A few people are on the street - in large cars with blaring music, astride roaring bikes, on softly sliding bicycles, and a few - like us - on foot. The moon is a glowing disc on top and a little ahead of us. Everything is bathed in moonlight. We stop before a large house - a villa - we pass often but never notice. The moonlight on its white and green and red facade make it look like a fairytale castle. We stop for a moment and wish it was ours.

We keep walking. The Guy keeps coming up with more of his absurd remarks, reminding me of the friend he was a couple of years ago, when that was his overruling characteristic. I laugh, but wish aloud that I could exchange this version of him with the perhaps rarer more serious, romantic version. He acts offended, but refuses to change. I resign myself to the present company and decide it is quite pleasant after all.

We find the coffee shop closed - as we expected. But it was our finish line, and we turn back. The moon is behind us now, but the romance is still heavy in the air. Tired, I drag my steps, and the Guy slows down his steps to match mine. We pass the fairytale castle again. This time, we do not stop to covet it. They may have the castle, but we have the fairy tale.

Thursday, June 08, 2006

The Guy and me!

This time, I'll leave this picture to do all the talking... Posted by Picasa

Monday, June 05, 2006

Weekend Update

Another lazy, quiet weekend. But this time, there were a number of small achievements.

Have made my way through most of 'Atlas Shrugged'. Very disappointing, after the mindblowing 'Fountainhead' - but I can't let it go, and so I want to put it through quickly. It disturbs me, though - while I don't agree with Ayn Rand's idea of hell, the idea of selfish (my definition of 'selfish', not Rand's) stupid people leading a country to ruin seems all too well played out in India right now.

With the Guy's active encouragement and help, I made pakoras yesterday. Quite a success, for an initial venture.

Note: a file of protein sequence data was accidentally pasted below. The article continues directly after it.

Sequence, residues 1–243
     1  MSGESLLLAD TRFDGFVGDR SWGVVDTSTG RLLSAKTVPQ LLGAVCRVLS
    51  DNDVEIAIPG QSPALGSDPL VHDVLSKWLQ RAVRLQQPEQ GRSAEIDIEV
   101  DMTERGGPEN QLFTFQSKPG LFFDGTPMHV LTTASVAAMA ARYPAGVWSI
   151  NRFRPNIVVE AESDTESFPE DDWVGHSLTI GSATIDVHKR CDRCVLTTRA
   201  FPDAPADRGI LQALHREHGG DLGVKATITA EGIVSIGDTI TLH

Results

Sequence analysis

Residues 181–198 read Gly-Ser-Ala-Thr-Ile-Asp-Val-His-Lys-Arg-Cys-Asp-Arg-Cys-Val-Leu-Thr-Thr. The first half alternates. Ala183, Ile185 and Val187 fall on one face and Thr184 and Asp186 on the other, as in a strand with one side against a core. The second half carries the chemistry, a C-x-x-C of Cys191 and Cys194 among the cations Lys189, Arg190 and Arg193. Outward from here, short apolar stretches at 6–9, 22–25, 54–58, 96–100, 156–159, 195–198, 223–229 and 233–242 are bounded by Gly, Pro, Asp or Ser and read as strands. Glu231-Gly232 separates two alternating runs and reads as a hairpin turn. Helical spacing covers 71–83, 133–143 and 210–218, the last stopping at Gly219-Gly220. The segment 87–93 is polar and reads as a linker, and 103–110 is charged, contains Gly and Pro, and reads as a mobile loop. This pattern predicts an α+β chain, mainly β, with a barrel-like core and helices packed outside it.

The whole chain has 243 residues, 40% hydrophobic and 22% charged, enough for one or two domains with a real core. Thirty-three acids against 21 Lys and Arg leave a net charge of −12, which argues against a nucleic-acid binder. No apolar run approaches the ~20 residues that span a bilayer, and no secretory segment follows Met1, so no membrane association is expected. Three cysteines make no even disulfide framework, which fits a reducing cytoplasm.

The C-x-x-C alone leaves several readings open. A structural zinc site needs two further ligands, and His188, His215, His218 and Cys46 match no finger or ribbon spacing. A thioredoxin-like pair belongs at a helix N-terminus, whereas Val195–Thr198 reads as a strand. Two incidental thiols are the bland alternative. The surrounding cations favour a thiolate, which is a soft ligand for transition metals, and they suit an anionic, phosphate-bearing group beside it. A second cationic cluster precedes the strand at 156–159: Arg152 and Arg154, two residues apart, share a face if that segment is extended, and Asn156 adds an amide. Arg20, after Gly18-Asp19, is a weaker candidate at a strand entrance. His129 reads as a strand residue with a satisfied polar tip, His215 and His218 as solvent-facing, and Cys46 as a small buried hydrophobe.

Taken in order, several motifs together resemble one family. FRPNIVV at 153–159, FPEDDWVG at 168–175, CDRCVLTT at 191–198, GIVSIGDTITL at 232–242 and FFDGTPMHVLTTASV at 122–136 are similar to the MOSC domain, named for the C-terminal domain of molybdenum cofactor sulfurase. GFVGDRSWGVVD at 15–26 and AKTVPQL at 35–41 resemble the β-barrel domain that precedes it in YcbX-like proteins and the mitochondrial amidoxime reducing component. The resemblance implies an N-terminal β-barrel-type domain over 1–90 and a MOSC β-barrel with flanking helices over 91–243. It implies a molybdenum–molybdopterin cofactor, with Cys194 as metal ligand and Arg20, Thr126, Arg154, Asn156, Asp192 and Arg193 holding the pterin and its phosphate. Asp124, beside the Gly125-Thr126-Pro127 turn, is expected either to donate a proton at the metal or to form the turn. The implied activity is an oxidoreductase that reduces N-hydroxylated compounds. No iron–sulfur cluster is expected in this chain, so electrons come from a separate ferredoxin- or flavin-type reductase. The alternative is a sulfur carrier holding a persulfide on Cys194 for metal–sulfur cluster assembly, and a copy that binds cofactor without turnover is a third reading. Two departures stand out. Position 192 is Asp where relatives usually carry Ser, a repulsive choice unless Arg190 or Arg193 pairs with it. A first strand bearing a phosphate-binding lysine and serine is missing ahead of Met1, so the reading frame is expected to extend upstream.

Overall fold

AND we used the new washing machine - after growing tired of the company guy to come around and deciding to take back control of our life!

We also went for a nice walk and had a quiet dinner - and then a ride with the breeze cooling our faces. Lovely!

Thursday, June 01, 2006

Here Come the Rains!

Drip, drip, drip. Not the intrusive sound of water dripping from a tap, but a quiet incessant murmur that you can hear if you hold your breath. It is only when you venture outside that you see the amount of damage - wet everywhere, dirty pools in the middle of the road, and not a spare rickshaw to be found. Welcome to the monsoons.

I had been cursing people who had sung eulogies of Pune's weather to me before I moved here: I had been waiting eagerly for the rains that would bring respite for the heat. A native of rain-infested Guwahati, I had overlooked the train of inconveniences that faithfully follow the rain god - dirty and water-logged roads, damp washing set out in the balcony, muddy footsteps on the stairs... Even worse in big cities like Delhi and Pune which appear surprised each time the rain god decides to unleash his fury. Combined with the fact that my washing machine still lies untouched in its cardboard box, the monsoons do not seem an inviting prospect.

I long to get hold of those 'friends' who had praised the city's weather.